15 February 2018
Our fundraising activities contact members of the public and individual supporters through a variety of communication channels, including in person, mail, email, social media, text and telephone.
As a charity we protect the dignity of vulnerable people who choose to donate or raise funds for Dorset Wildlife Trust.
Fundraising should be a positive experience for our supporters. It is inevitable though that through our fundraising activities we will come into contact with people who are vulnerable and some of these may not be able to make informed decisions about their giving. This can happen either through our own communications or through the agencies who work on our behalf.
This document outlines how, in undertaking fundraising activities, we protect vulnerable people, how these people can be identified and what action to take if we suspect someone is vulnerable.
Our guiding principles
We are members of the Fundraising Regulator and the Institute of Fundraising and this is what we promise our supporters:
The Fundraising Regulator Code of Fundraising Practice
We always abide by the Fundraising Regulator’s code of fundraising practice. The general principles state:
Our face-to-face fundraising activities follow the standards of the Fundraising Regulator’s street fundraising rule book, which contains recommendations on how fundraisers must protect vulnerable people and members of the public from behaviour which is an unreasonable intrusion on a person’s privacy, is unreasonably persistent and which places undue pressure on a person to give money.
The rule book also stipulates that fundraisers MUST NOT sign up any person at any time who they may have reasonable grounds for believing, in the course of their engagement with the individual, that they are in vulnerable circumstances which mean they are unable to make an informed decision to donate. These may include, but are not limited to:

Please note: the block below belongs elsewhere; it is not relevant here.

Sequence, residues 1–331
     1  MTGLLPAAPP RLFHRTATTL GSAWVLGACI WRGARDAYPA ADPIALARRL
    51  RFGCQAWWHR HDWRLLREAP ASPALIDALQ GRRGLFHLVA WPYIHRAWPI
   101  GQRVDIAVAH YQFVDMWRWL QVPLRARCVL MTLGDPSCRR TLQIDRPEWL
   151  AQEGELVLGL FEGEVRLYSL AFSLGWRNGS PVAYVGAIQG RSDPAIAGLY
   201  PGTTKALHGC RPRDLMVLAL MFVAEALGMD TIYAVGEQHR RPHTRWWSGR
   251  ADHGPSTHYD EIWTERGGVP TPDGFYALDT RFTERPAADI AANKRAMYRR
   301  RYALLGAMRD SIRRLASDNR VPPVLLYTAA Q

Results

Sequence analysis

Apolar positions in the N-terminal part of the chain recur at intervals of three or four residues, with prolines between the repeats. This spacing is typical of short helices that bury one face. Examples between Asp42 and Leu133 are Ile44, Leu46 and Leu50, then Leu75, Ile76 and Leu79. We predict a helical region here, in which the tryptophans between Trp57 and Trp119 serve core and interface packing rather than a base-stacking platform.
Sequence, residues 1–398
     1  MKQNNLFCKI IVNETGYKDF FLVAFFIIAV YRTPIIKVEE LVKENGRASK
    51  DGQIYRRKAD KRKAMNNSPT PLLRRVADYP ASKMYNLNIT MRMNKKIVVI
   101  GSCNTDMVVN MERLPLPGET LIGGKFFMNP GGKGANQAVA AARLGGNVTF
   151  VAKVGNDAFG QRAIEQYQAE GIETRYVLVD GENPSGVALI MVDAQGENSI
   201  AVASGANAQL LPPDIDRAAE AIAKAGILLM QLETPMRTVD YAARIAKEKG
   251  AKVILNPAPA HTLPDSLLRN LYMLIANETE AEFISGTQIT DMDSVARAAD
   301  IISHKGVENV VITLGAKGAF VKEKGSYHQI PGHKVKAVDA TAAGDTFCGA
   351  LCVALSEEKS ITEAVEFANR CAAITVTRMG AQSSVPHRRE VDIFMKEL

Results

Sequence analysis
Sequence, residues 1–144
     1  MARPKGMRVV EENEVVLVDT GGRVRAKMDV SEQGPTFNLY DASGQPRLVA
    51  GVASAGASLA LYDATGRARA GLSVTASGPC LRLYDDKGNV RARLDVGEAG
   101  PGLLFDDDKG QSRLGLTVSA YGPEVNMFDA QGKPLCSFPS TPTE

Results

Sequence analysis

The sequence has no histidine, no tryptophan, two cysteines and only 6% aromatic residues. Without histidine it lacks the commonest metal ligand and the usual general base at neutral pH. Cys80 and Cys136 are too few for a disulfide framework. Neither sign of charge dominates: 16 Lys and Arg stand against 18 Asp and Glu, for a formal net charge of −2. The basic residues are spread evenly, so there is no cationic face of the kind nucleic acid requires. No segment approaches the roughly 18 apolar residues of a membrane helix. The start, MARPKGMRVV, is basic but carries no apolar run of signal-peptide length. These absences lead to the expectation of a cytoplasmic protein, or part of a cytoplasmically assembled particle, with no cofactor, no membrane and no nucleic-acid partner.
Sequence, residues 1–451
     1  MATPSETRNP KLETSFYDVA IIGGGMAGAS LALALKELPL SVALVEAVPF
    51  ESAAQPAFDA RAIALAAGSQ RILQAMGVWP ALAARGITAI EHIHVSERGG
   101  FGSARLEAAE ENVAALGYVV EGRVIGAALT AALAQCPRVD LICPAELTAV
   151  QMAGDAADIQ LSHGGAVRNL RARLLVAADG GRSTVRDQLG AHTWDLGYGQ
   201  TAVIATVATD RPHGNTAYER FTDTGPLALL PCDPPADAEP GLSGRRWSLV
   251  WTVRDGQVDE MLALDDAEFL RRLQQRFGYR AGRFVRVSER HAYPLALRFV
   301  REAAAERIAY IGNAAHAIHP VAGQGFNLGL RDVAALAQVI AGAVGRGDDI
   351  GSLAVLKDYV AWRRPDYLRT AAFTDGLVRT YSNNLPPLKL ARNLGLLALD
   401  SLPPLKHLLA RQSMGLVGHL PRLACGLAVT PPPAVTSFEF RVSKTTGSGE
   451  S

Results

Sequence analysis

We have agreements in place with third party fundraising agencies (such as South West Wildlife Fundraising Limited and Quality Telephone Services) who fundraise on behalf of DWT to ensure adherence to the Code of Fundraising Practice and the Charities Act 2016. These agreements stipulate conformity with the law and best fundraising practices and include requirements to protect vulnerable people.
These agreements also stipulate the reporting of any complaints made by the public relating to the fundraising activities.
By vulnerable people we mean those whose circumstances put them at enhanced risk of being vulnerable to neglect or abuse and so might be lacking the ability to make a decision.* There are a number of factors which can contribute to vulnerability and may indicate whether someone may be incapable of making a decision. These include*:
• A particularly frail person
• An individual with a mental disorder, including dementia or a personality disorder
• Someone with a significant and impairing physical or sensory disability
• An individual with a learning disability
• Someone with a severe physical illness
• A homeless person
In addition, for fundraising activities, we define an individual as vulnerable in the case of the following factors:
• An individual who is experiencing financial vulnerability
• An individual with a severely reduced understanding of English
Where an individual is considered vulnerable we will flag their record on our database as ‘Do not contact’ and they will never be contacted again.